“The path to the Ivy League is most successfully traveled through exclusive private schools,” according to CBS Market Watch. In fact, their research showed that of the 100 U.S. high schools sending the highest percentage of students to Harvard, Yale and Princeton, 94 of them are private schools.
The good news for local parents is that three of the schools in Business Insider Magazine’s 2016, 25 Best Private High Schools in US for Getting into a Top College, are in the LA area. One local private high school sent a whopping 30% of their 2015-16 graduates to the Ivy League, MIT or Stanford.
Of course, attending a private high school alone does not ensure that a student will get into a top tier college. Colleges are looking for students with solid academic foundations to equip them for the academic rigors they will face once admitted. Whether they attend a private or public school, they have to prove that they can excel in the classroom. 95% of accepted Ivy League students are in the top 10% of their classes.
How can someone make him or herself into the strongest possible candidate for the Ivy League, or any top college? There are a few simple keys:
- High grades and test scores
- Something of value to bring to the school’s community
- Strong reasons why that particular school will enable you to grow.
First and foremost, highly competitive colleges want to see that a student has tackled the most difficult courses a school has to offer. Some students pile up double-digit AP course loads. If a school doesn’t offer enough, or any, AP classes, students can study independently and take the AP exams. They can also take advanced classes concurrently at a community college. Now that shows ambition!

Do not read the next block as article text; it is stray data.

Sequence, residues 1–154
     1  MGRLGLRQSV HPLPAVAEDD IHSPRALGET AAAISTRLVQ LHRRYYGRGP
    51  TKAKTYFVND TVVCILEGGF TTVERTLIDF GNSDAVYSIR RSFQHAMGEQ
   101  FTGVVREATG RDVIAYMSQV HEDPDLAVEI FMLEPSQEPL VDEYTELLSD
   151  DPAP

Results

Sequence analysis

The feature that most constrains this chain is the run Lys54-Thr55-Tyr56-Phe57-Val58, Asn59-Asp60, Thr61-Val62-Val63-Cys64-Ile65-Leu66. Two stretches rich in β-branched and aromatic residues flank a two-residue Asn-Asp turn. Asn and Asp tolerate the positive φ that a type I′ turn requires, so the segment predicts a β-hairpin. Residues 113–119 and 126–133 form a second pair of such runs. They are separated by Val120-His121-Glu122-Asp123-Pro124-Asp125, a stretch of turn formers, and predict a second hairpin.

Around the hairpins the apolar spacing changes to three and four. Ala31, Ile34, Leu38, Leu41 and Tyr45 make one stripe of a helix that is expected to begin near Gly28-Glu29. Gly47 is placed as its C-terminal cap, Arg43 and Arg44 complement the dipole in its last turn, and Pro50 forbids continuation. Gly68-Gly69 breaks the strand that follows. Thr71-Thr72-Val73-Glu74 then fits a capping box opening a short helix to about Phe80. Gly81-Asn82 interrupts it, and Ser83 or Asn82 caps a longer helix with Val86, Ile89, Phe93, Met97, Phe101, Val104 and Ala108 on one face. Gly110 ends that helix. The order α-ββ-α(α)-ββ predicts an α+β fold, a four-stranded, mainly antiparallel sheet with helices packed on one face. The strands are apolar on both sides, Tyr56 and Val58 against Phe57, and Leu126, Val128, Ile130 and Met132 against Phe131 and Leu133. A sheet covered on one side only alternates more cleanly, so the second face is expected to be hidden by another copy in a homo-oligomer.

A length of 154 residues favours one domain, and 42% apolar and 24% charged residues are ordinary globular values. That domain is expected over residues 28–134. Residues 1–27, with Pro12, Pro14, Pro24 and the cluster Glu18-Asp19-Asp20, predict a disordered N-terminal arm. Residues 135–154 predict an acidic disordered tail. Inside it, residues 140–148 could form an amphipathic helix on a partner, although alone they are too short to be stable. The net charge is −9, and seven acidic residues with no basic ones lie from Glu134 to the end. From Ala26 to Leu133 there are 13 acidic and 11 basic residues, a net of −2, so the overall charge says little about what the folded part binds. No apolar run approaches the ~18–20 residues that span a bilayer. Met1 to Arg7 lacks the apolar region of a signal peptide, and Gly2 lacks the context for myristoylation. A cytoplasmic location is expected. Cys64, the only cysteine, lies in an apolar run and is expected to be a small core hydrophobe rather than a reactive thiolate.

Coursework isn’t everything. Students should find an extra-curricular activity of interest and delve deeply. It may take a few tries before they find something they feel passionately about, but once they do, it’s to their advantage to dedicate themselves to it throughout their school years. Encourage them to join clubs, play sports, take summer classes, look for internship opportunities, write articles, have an art showing, or enter competitions. Whether it’s aerodynamics, environmental design, or screenwriting, nothing impresses like competitive success.
Finally, a student should be able to demonstrate real interest in the college or university. Students should take the time to visit, really visit, their schools of choice. They should determine which classes they would like to take, the professors they would most like to study with and the advantages that a particular school can offer them. This knowledge will not only help them choose the best fit, but also allow them to more convincingly make their case to the admissions office in both their essays and interviews.